When the Allied predawn bombing began on June 6, 1944, the young Polish conscripts who occupied the pillboxes and gun emplacements on the bluffs were awakened to their final horror. At first light, they saw the vast Allied armada that would swarm ashore. They must have known they were going to die that day.
To get to the Normandy American Cemetery on the bluffs, we passed through a museum operated by the French that told the entire D-Day experience. Dorothy and I both teared up a number of times as it was all so overwhelming. A black-and-white photo caught my eye. It was of Gen. Eisenhower, the supreme commander of the Allied Forces who toiled tirelessly on cigarettes and coffee planning the invasion for more than a year. Ike had wanted to watch the proceedings in the English Channel on D-Day, but his staff absolutely refused to allow this. But Ike prevailed on D-Day plus one and sailed into the English Channel on an English minesweeper to view operations. The image is worth thousands of words. The general is gaunt, rawboned, and exhausted, all that tension sunk in and lodged in his neck and shoulders.
The American cemetery. You’ve seen it in Saving Private Ryan and countless other movies and photographs. It is pristine. Not a cigarette butt or candy wrapper on the grounds anywhere, absolutely devoid of any trace of trash. The headstones are erect and perfect in alignment as far as your gaze carries. The green grass is uniform. Engraved on the white granite headstones are the names of the soldiers and where they are from. The stones that hit you in the gut are unidentified remains engraved with, “…Known but to God.” A blanket of silence hangs over the almost 10,000 white granite markers. It is life-changing.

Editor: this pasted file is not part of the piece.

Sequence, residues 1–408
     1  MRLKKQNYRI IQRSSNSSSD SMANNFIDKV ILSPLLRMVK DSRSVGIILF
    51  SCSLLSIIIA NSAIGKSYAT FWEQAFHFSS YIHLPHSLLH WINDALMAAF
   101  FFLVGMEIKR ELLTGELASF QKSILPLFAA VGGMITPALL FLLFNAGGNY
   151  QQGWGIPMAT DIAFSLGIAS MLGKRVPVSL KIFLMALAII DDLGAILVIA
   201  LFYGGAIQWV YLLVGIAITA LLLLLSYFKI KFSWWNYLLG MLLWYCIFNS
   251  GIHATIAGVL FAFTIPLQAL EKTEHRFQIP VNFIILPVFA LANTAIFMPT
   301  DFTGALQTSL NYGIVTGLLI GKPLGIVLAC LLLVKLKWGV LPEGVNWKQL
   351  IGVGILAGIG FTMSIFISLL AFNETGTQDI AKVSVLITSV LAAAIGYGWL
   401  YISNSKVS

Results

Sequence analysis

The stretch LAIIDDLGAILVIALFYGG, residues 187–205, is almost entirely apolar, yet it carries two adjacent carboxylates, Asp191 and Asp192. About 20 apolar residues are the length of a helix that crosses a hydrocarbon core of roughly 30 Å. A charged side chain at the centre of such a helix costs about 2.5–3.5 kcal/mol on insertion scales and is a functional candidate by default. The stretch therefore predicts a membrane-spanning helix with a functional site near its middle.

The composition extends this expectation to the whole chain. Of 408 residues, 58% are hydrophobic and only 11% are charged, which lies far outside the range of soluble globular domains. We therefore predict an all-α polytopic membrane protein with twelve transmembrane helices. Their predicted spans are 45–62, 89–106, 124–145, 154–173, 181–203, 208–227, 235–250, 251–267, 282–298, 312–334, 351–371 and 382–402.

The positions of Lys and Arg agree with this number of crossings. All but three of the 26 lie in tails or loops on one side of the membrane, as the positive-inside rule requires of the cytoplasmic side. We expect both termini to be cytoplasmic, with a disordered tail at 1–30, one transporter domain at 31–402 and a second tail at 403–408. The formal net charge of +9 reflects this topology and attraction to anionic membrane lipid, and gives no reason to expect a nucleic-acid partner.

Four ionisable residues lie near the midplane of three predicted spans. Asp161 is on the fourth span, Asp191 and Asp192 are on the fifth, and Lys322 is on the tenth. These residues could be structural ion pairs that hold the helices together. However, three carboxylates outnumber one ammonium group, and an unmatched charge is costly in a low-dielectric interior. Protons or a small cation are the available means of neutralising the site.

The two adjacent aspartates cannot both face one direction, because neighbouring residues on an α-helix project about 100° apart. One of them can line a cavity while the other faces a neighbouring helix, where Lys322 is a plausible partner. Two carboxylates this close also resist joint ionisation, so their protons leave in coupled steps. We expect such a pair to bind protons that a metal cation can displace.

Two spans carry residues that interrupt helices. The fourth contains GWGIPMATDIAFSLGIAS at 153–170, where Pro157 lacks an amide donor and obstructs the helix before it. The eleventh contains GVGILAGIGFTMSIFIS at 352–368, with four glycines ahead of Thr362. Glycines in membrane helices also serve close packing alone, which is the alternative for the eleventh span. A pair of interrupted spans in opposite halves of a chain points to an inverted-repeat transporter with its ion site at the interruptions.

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Are we granted quick glances through windows to our pasts? Fleeting moments of sense memories that appear to be so totally real that somehow connect with synapses engraved deep into the soul? Do we dare allow these things to reach us in this life? What is to be made of all of this?
I can’t answer that, other than to say that these memories cling to the deepest parts of me in this life. They point in the direction of what to me is important. The willingness to open up to these seminal echoes has changed the course of my life, and aimed me in the direction of needing to tell these stories, to make these paintings to honor and remember the sacrifices made and given for our nation. I think all humans have the same desires—to love and be loved, to have a warm place to live, good food to eat, and the desire to live in peace, and to do work that is meaningful to them. All of these beautiful things are interrupted and destroyed by conflict leading to war and the destruction of the fabric of soldiers and their families.
The steel shards of the Omaha Beach sculpture reach in supplication, maybe asking the heavens to honor and protect those who lost their lives on that beach. And to ask for grace. To ask for the wisdom to teach us how to evolve as human beings, to live with each other in peace.